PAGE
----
“Truman & Tennessee: An Intimate Conversation” (2021). Cast: Archive Footage: Truman Capote, Tennessee Williams, David Frost, Dick Cavett, Tom Brokaw, Gore Vidal. Voiceover Narrators: Jim Parsons, Zachary Quinto. Director: Lisa Immordino Vreeland. Web site. Trailer.
Genuine literary icons are rare. Writers who possess the ability to grasp profound insights and then deftly express them through prose don’t come along often. But, for those times when they’re present in uncharacteristically prolific numbers, it’s indeed fortunate for the world of literature. So it was in the mid 20th Century when two such giants were at the peak of their creativity, a pair of writers whose lives and works are profiled in the engaging new dual biography, “Truman & Tennessee: An Intimate Conversation.”
Truman Capote (1924-1984) and Tennessee Williams (1911-1983) were two of the greatest American wordsmiths of the 20th Century. Both were born in the South. Both rose to fame in the 1950s. Both wrote works that contained controversial subjects for the time. Both battled with issues of alcoholism and artistic stagnation. Both became celebrities in their own right, earning notoriety outside of their writing accomplishments. Both were unabashedly gay at a time when such revelations were quite uncommon. And, even though they wrote works through different milieus (Capote primarily penning novels and short stories, Williams composing stage plays), the parallels between their lives and works were uncanny. But, to a great degree, that’s not surprising, given that they were also friendly rivals and good, lifelong friends.
“Truman & Tennessee” is a rare dual biography chronicling the lives of these two writers, detailing the works of each and showing their compositions’ similarities in tone and thematically. The film also examines how their parallel personal lives significantly influenced the content of their writings. But, perhaps most importantly, director Lisa Immordino Vreeland’s offering presents an ongoing “dialogue” between Capote and Williams, drawing from materials they each wrote about one another and presented in alternating voiceover narrations read, respectively, by actors Jim Parsons and Zachary Quinto. These readings are further supplemented by archive footage of Capote and Williams in television interviews conducted by David Frost, Dick Cavett and Tom Brokaw. The result is an intriguing and introspective look into the hearts, minds and work of these two literary icons.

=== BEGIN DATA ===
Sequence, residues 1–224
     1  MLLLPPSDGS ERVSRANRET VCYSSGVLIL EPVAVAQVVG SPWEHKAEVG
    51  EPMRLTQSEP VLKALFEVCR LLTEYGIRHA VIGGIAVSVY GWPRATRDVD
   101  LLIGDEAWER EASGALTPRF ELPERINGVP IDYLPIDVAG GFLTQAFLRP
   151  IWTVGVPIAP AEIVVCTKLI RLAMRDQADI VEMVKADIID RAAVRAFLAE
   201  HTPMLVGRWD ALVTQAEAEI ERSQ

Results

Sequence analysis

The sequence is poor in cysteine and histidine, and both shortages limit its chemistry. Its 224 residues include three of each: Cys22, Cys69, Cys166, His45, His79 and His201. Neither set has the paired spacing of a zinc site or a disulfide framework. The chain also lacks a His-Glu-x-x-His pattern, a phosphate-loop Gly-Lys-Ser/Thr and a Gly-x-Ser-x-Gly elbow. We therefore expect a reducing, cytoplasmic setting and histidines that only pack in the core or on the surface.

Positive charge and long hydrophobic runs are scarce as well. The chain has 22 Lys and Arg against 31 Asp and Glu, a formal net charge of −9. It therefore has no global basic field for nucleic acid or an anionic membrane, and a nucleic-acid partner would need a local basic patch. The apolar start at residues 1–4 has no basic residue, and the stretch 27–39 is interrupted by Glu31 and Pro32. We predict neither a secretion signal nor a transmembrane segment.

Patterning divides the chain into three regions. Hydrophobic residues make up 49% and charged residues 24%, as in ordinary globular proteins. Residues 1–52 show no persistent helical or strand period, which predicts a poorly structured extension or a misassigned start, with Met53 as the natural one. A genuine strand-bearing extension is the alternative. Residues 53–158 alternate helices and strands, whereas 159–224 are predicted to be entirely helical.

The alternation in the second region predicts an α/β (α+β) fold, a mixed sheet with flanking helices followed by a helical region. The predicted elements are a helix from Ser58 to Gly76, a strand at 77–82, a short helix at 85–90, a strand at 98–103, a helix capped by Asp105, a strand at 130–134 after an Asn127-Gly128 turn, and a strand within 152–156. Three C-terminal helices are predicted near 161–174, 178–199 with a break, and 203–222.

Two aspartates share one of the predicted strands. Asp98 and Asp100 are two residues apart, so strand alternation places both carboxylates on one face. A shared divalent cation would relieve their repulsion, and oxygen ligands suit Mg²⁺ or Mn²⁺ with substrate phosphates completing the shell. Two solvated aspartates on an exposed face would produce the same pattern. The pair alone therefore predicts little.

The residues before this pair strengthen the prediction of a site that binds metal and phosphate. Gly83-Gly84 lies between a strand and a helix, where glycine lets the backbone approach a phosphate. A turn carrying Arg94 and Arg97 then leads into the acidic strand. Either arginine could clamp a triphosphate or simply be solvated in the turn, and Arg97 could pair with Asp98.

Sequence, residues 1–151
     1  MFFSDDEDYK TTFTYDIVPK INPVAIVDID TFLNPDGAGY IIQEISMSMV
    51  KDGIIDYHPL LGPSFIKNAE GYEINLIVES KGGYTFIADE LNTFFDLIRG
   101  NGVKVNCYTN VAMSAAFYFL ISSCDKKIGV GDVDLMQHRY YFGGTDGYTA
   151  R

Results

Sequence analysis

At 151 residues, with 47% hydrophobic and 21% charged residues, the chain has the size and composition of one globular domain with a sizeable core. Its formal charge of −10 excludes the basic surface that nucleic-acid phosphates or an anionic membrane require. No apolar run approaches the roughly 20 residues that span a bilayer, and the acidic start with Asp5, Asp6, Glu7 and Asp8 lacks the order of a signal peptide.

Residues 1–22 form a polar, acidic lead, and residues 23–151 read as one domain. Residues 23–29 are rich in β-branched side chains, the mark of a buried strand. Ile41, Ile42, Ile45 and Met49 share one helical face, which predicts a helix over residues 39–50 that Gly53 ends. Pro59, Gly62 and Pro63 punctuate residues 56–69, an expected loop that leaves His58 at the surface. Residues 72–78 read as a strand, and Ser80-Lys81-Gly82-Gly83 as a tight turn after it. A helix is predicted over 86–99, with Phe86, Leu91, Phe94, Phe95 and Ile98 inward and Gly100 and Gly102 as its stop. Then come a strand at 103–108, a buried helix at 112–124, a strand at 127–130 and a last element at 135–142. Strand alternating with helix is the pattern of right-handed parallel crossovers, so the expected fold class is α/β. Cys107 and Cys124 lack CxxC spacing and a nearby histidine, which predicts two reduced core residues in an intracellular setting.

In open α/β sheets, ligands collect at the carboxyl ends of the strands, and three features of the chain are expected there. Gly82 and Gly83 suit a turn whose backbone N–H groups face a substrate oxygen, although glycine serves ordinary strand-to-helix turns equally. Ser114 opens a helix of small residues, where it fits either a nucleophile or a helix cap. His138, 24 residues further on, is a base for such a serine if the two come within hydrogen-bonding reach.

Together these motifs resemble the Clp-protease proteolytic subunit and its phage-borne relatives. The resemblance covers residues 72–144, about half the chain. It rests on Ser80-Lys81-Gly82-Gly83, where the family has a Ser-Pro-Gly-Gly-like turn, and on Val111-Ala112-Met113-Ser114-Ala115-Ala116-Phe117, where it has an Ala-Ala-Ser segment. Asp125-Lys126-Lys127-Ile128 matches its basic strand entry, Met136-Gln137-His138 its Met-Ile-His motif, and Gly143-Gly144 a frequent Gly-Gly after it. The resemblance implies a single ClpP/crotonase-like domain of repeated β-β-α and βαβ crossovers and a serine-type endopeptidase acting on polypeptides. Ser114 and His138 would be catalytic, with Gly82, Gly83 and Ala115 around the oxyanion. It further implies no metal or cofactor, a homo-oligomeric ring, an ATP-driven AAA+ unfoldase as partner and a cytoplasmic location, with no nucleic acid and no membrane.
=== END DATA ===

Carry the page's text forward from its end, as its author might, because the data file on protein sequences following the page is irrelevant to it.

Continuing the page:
As most writers are well aware, it’s always wisest to draw upon what one knows when putting pen to paper. So it was for both Capote and Williams. They wrote about their Southern upbringing and heritage. They plumbed subject matter that was near and dear (or at least familiar) to them, often painful in nature and exploring themes they were acquainted with, such as alcoholism, abuse and sexual repression. And they both achieved tremendous acclaim for what they wrote, with many of their materials being made into movies, many of which are featured in a series of well-chosen film clips that effectively capture the themes and nature of their works.
The processes that produce such results are both simple and complex. Their simplicity stems from tapping into the particulars of one’s experience. Their complexity comes from how one views them and translates those details into thoughts, beliefs and intents. But how does one reconcile the two?
From a theoretical standpoint, Capote and Williams provide us with an important example from which to draw. As evidenced by their writing, we see a pair of scribes who intuitively knew how to authentically convert these intangible notions into tangible creations. They drew from their experience and transformed those incidents into thoughts, beliefs and intents that they then used in penning their works.
That, in essence, is the foundation of the conscious creation process, the philosophy that maintains we tap into those resources for manifesting the reality we experience. Even if Capote and Williams were unfamiliar with this philosophy, they certainly were masters of its principles, as evidenced by the results they produced. And that’s important to the rest of us, because, if this practice can be employed successfully for composing a novel or stage play (as their examples illustrate), it can conceivably be used for the materialization of any other venture, be it painting a portrait, designing an interior space or simply making dinner. The process can be applied to virtually any undertaking, no matter what aspect of life we apply it to.